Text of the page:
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World Markets Mixed Awaiting Fallout from U.S.-Syria Situation; Samsung Introduces Wearable Computer with a Resounding Thud; Global Food Prices Fall in August, Close to Bottoming out

World Markets Mixed Awaiting Fallout from U.S.-Syria Situation (Bloomberg)

As U.S. President Obama continues meeting with Washington leaders, trying to gain support for attacking Syria in retaliation for the perceived use of chemical weapons, global markets seem to be holding their breath. In the Far East, Japan’s Nikkei and Hong Kong’s Hang Seng both closed up, .08 and 1.22 percent, respectively, while the Shanghai Shenzhen CSI 300 fell .38 percent. In Europe, the feeling was a little more consistent, with England’s FTSE 100, the German DAX and the STOXX 50 Index all up slightly, as of this writing. Investors will have to see how this story plays out…

Samsung Introduces Wearable Computer with a Resounding Thud (CNBC)

Yesterday, in Berlin, Germany, Samsung introduced its first wearable computer to a packed tent of expectant buyers and investors. And the result? People were underwhelmed by the company’s wristwatch computer. As Cosmin Laslau, an analyst from Lux Research, put it, “Bulky form factor, poor battery life and questionable utility hobble today’s smart watches.” While Samsung’s Galaxy Gear — the name for this new wave of mobile computers — may have beaten Apple and Google to market, it’s going to have to improve greatly before it’ll impact the company’s stock price — or investors’ portfolios.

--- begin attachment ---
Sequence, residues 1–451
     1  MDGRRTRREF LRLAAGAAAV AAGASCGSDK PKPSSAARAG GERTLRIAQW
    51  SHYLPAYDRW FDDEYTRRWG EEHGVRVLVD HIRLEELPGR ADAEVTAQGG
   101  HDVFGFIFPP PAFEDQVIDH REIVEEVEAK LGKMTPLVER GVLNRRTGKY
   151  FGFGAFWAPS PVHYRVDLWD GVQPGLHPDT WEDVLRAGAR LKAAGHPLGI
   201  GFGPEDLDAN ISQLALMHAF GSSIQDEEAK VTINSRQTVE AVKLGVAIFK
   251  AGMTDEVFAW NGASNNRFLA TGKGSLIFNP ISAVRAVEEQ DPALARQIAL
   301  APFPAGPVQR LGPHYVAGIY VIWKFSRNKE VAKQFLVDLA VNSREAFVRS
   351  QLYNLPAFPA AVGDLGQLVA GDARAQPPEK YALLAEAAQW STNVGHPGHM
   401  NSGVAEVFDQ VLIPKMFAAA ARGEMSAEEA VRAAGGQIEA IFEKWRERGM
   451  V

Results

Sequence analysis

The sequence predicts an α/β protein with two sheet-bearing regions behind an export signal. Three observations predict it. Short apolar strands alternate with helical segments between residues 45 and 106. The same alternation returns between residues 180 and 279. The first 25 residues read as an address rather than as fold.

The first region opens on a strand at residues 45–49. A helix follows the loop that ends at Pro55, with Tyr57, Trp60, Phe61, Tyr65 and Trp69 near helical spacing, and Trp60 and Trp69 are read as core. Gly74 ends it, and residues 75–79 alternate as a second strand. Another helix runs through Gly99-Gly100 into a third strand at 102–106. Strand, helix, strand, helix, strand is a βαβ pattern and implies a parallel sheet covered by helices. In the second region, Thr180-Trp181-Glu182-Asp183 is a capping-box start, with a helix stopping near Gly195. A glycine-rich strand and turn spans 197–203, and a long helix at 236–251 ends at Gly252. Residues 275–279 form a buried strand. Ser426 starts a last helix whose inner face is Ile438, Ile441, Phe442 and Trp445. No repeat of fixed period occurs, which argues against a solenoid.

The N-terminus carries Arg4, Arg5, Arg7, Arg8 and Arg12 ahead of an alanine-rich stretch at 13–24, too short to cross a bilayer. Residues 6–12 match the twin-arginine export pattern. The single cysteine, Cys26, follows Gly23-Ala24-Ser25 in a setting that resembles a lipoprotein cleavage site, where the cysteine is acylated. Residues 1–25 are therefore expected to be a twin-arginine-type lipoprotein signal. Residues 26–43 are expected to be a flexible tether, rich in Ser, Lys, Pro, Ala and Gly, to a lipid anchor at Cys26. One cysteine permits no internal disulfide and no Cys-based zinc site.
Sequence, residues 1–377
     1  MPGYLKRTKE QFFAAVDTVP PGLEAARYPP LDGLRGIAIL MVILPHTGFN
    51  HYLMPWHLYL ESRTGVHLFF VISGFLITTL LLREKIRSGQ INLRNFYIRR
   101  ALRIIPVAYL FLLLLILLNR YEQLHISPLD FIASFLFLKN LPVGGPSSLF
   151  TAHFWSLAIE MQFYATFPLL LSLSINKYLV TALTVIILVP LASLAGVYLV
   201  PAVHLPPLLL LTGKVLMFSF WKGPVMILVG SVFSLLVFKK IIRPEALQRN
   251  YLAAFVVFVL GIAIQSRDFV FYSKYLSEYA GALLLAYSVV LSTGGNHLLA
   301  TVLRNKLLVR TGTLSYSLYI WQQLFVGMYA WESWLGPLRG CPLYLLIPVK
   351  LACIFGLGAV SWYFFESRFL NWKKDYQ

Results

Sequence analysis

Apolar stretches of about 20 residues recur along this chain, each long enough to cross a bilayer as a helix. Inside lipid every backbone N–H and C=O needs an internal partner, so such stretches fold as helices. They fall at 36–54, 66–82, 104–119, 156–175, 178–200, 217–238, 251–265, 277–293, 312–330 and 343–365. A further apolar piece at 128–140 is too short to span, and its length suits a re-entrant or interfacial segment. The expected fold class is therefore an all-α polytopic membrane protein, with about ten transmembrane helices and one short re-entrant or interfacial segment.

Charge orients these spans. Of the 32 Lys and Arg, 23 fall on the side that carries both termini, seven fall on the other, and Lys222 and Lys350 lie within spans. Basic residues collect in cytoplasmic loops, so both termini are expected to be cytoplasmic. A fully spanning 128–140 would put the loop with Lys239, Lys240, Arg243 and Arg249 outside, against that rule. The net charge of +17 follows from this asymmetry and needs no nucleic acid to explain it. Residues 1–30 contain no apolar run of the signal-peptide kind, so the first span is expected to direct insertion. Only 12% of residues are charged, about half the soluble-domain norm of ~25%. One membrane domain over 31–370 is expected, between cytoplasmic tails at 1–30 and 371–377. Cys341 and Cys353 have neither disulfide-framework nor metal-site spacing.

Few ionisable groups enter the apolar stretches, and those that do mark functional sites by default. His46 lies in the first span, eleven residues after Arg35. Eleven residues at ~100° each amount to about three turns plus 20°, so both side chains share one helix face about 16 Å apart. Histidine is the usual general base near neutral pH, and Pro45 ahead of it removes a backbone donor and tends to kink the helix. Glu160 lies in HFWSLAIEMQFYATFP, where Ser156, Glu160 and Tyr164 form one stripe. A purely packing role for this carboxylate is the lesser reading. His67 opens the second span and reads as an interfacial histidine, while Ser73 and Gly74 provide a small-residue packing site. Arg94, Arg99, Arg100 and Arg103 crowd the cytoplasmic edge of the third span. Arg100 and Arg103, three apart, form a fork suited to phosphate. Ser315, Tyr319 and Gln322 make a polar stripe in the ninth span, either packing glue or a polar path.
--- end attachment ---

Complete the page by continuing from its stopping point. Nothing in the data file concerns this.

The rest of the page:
Global Food Prices Fall in August, Close to Bottoming out (Reuters)

August made the fourth month in a row that food prices around the world fell, according to the United Nations’ Food and Agriculture Organization (FAO). The FAO’s price index measures monthly price changes within cereals, oilseeds, dairy, meat and sugar. In August, the index sank about 1.9 percent, compared to July’s rating. Yet, according to FAO’s Senior Economist Abdolreza Abbassian, the prospect of bumper crops — after last year’s drought-reduced yield — already has been factored into food prices. “We are almost at the bottom,” Abbassian said. “Further declines are likely to be much less than those seen over the past few months.”  While low prices are great news for consumers, investors will need to hold on another couple of months to see a rebound.

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